Developmental Education Research from the League Conference: CUNY Start, English Learners, and Teaching
By Elizabeth Ganga
One goal of CAPR is to provide solid evidence about developmental education reforms that colleges and states have been developing for several years. Math pathways and multiple measures—the subjects of two of our major random-assignment studies—are now relatively mature reforms. Several states have adopted versions of math pathways and multiple measures, and colleges are working out the challenges that come with implementing them at scale.
Learn more about CAPR’s studies of math pathways and multiple measures:
But there are many other promising developmental education reforms, several of which were also discussed at the League for Innovation in the Community College’s annual conference in February in New York City, both by CAPR researchers representing their home organizations (CCRC and MDRC) and by others from across the country. Some or all of these reforms are likely to be part of a broader approach to meeting the needs of underprepared students.
As Uri Treisman said in his keynote address, even in the best developmental education reform models, about a third of students fail. Treisman, who leads one of the major math pathways organizations at the Charles A. Dana Center at The University of Texas at Austin, said that figuring out how to serve these students is “going to take a Manhattan Project.”
But projects such as CUNY Start at the City University of New York give reason for optimism. CUNY Start is an intensive one-semester program focusing on reading, writing, and math accompanied by wraparound supports. Students spend 25 hours a week in class, where the highly structured, hands-on curriculum is designed to get them actively involved in their learning.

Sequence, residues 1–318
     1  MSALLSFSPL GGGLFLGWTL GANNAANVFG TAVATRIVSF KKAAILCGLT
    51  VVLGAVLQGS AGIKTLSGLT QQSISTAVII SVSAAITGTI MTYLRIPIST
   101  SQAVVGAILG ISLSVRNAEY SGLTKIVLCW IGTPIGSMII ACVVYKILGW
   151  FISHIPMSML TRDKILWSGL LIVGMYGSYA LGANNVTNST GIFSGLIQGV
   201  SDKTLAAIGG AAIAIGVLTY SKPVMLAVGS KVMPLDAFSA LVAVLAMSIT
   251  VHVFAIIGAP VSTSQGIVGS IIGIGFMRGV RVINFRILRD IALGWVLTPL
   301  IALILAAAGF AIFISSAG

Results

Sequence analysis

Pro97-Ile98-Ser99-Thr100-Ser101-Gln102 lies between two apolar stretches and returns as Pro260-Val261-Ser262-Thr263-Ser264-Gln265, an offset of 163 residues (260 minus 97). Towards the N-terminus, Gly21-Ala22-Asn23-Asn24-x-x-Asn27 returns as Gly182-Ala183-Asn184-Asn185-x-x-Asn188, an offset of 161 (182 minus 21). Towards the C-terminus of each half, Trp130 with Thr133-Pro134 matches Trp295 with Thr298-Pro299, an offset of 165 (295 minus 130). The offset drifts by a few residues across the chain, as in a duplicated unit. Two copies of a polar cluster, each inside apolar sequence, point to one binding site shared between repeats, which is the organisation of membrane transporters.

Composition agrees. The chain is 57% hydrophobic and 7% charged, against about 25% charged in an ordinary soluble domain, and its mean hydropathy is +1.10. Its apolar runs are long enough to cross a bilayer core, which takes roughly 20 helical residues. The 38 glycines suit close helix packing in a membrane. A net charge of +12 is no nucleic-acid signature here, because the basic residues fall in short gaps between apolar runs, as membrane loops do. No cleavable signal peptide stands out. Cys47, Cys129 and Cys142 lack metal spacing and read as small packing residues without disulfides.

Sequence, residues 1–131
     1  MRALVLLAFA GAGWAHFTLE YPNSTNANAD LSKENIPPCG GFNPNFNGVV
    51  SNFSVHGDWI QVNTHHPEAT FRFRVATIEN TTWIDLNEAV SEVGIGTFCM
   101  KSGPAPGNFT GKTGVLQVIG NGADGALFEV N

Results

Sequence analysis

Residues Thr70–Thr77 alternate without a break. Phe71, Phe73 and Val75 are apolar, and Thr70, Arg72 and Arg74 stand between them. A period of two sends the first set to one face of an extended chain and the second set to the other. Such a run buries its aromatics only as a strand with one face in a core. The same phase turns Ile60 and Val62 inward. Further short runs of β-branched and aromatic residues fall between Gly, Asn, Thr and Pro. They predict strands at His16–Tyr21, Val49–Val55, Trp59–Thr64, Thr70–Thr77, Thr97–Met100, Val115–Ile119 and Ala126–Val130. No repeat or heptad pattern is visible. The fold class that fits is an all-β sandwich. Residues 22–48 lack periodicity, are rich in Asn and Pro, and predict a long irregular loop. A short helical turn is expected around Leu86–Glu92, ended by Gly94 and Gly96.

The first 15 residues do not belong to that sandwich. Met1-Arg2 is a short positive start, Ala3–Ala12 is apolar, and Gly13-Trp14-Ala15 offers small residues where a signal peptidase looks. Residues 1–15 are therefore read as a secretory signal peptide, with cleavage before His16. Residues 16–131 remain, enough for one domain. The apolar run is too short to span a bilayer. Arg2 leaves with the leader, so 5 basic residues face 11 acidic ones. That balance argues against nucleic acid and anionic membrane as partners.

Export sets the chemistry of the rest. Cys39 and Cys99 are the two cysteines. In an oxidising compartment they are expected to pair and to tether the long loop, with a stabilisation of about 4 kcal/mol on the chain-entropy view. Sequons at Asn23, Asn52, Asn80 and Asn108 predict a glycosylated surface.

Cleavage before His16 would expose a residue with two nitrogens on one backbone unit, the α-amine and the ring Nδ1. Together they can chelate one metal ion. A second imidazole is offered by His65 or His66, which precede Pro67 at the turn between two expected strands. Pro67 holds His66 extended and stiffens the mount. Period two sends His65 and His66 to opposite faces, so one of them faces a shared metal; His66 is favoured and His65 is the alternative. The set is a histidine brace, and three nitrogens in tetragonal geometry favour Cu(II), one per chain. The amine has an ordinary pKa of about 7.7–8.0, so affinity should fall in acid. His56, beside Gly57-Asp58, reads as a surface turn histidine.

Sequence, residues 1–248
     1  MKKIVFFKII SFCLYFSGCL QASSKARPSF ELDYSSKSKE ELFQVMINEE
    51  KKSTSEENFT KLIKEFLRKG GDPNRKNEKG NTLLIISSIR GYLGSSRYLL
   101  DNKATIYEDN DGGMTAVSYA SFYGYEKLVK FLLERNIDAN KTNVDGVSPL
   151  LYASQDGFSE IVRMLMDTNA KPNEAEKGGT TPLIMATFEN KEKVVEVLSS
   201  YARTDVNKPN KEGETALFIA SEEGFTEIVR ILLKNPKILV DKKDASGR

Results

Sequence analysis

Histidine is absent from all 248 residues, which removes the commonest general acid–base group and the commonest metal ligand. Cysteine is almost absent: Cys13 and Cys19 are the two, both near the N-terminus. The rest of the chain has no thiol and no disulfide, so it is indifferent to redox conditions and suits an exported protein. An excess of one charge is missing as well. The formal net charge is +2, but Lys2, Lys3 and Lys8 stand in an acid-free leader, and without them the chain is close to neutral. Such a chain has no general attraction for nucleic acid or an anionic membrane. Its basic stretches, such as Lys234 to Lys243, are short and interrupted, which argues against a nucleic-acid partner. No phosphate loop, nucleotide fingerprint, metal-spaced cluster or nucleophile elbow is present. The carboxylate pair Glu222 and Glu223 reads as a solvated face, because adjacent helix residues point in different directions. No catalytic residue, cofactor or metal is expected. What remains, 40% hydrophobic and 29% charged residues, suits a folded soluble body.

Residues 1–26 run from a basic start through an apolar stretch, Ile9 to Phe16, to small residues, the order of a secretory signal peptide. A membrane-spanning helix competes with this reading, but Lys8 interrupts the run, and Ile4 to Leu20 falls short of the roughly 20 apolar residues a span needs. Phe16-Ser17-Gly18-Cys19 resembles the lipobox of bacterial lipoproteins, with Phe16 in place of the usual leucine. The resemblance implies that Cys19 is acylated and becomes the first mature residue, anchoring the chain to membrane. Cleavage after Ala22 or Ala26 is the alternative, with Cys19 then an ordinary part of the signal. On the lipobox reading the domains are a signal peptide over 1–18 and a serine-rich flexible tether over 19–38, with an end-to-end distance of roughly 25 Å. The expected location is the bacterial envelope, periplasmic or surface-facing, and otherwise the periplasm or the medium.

“They’re doing the thinking, the explaining, the speaking,” said Christina Masciotti, a math curriculum developer for CUNY Start, in a presentation with Maria Cormier of CCRC and Mike Weiss of MDRC.
An MDRC and CCRC project on CUNY Start is looking at the program’s implementation and effects, using a random-assignment research design to compare outcomes for developmental education students offered CUNY Start versus traditional remediation. Early results are intriguing: In just one semester, the percentage of students given access to CUNY Start who were considered college-ready in math increased from 5.4 percent to 57 percent. For the students assigned to traditional developmental education, 24.1 percent were college-ready at the end of the semester, up from 5.8 percent at the start.
“We’ve never seen an impact that large in terms of getting students college-ready in one semester,” Weiss said. However, because the program delays their start in college, CUNY Start students earn fewer college credits than students in the control group in their first semester.